All participants were above the age of 25 years, and the average age of the respondents was 39.25 years (SD = 7.6), with 45.5% of the participants aged between 36 and 45 years. Of the total participants, 80.2% (n = 97) were female and 19.8% (n = 24) were male. An unequal number of responses between males and females in the healthcare sector is expected, as more females than males tend to occupy nursing jobs. The sample consisted of doctors (7.4%), nurses (85.1%), allied health professionals (1.7%), administrative workers (2.5%), and workers from other professions (3.3%). In addition, 47.1% of participants had a clinical role, and 46.3% had both clinical and administrative roles. Measuring the roles of the participants was important, as HCPs might experience conflicting needs to balance between their role of caring for patients and their role of preparing for hospital accreditation.

The study selected the participants with matching codes to continue with the cross-lagged moderation analysis. Therefore, independent sample t-tests were performed at T1 to check for systematic bias between participants with matching codes (n = 121) and participants who only completed one survey (n = 168) and had been excluded from the final sample. All variables were included in the independent sample t-test analysis to minimize differences between both groups. The results showed a non-significant difference in the accreditation demands variable [t(287) = 0.24, ns]; social support [t(276) = 0.30, ns]; PSC-4 [t(271) = 0.10, ns]; personal burnout [t(269) = −1.4, ns]; and work engagement [t(271) = 0.20, ns]. Similar results were found in T2 when compared with included and excluded cases. Consequently, we dismissed any indication of selection bias among the participants.


Survey items were presented in the two main official languages of UAE, Arabic and English. Since some of the measurement tools had not been translated to Arabic, we adopted a forward and back translation technique (31) to convert the questionnaire items into Arabic to increase the response rate.

Accreditation Demands (T1 and T2)

In this study, we tested the accreditation demands construct, which was formulated and added to measure the unique demands of hospital accreditation. These items reflected the findings from a qualitative study that aimed to explore the psychosocial risks experienced by HCPs due to hospital accreditation (11). Four items of the accreditation demands construct were measured using a five-point Likert scale ranging from 1 (always) to 5 (never or hardly ever), and a score of 0 was assigned to the option of “not applicable.” These items are as following: (1) “Do you feel that your current work takes so much from your time that you cannot treat patients properly,” (2) “Do you feel that the required paperwork you are expected to complete keeps you away from patients?,” (3) “Do you feel the documentation requirements keeps you away from patients?,” and (4) “Do you feel that additional activities such as attending training or meetings keeps you away from patients?” The reliability of the accreditation demand scale was 0.79.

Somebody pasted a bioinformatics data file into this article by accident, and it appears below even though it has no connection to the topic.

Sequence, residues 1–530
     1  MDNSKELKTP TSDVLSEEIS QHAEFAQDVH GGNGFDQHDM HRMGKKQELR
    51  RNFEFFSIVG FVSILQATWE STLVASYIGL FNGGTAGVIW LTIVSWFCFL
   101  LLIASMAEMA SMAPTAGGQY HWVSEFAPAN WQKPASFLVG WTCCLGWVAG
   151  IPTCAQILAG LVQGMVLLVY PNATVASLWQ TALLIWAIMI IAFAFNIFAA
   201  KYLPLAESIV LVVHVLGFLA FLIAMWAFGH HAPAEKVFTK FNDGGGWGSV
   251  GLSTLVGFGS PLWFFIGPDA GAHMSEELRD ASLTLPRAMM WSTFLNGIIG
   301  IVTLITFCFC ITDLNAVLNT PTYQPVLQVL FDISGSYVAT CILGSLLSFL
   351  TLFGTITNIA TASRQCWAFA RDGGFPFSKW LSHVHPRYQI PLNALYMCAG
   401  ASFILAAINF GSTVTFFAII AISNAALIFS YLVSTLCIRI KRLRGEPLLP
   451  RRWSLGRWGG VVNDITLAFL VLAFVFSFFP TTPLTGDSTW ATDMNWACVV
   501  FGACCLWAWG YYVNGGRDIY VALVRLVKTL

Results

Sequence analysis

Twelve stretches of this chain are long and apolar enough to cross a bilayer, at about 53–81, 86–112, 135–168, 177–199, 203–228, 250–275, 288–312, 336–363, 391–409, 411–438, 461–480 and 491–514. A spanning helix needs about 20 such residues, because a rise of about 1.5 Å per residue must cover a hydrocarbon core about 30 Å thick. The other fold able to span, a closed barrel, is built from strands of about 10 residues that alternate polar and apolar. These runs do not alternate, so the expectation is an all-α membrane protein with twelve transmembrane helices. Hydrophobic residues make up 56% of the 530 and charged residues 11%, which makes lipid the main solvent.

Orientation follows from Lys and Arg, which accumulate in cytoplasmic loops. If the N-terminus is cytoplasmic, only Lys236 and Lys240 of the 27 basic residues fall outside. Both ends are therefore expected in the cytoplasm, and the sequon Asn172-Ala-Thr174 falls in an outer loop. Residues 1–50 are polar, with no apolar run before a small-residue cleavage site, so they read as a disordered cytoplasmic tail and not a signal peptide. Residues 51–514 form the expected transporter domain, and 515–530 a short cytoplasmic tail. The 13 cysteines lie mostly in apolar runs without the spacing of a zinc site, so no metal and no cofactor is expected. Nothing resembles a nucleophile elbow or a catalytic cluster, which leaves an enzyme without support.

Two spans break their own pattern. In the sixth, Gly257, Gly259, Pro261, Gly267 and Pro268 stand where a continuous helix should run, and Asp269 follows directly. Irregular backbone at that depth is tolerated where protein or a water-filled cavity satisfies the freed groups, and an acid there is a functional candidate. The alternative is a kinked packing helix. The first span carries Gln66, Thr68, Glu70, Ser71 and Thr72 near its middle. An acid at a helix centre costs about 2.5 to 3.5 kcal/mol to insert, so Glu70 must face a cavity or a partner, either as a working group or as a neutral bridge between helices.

Job Resources (T1 and T2)

The job resource construct was measured using six items from the COPSOQ II scale (32). This construct involved three items from Social Community at Work and three items from Social Support Superior, which were examined using a five-point Likert scale that ranged from a high score of 100 (Always) to a low score of 0 (never or hardly ever). The reliability of the social support scale was 0.91.

Psychosocial Safety Climate (T1 and T2)

The current study used the four items of PSC-4 derived from PSC-12 (33). Responses are made on a five-point Likert scale ranging from 5 (strongly agree) to 1 (strongly disagree). Berthelsen et al. (34) have established a benchmark to identify levels of PSC-4 in organizations. We followed their recommended benchmark, which considers a score >12 to be a good level, while a score below 8 is a poor level. A moderate level will have a score between 12 and 8 (34). The reliability of the scale was 0.93.

Burnout (T1 and T2)

Burnout was measured using the Copenhagen Burnout Inventory (35). The study included a personal burnout construct (six items). Personal burnout aimed to measure the general psychological exhaustion experienced by individuals without a specific cause. Items were measured using a five-point Likert scale ranging from a high score of 100 (always) to a low score of 0 (never or hardly ever). The reliability of the personal burnout scale was 0.92.

Work Engagement (T1 and T2)

Work engagement, which refers to the high energy employees displayed toward their workplaces, was measured using the shortened version of the Utrecht Work Engagement Scale (UWES) (36). This version of the UWES had nine items and is scored on a seven-point Likert scale ranging from 0 (never) to 6 (always). However, only seven items were included in the study due to low factor loadings for Items 1 and 2. The reliability of the work engagement scale (seven items) was 0.93.

Control Variables (T1)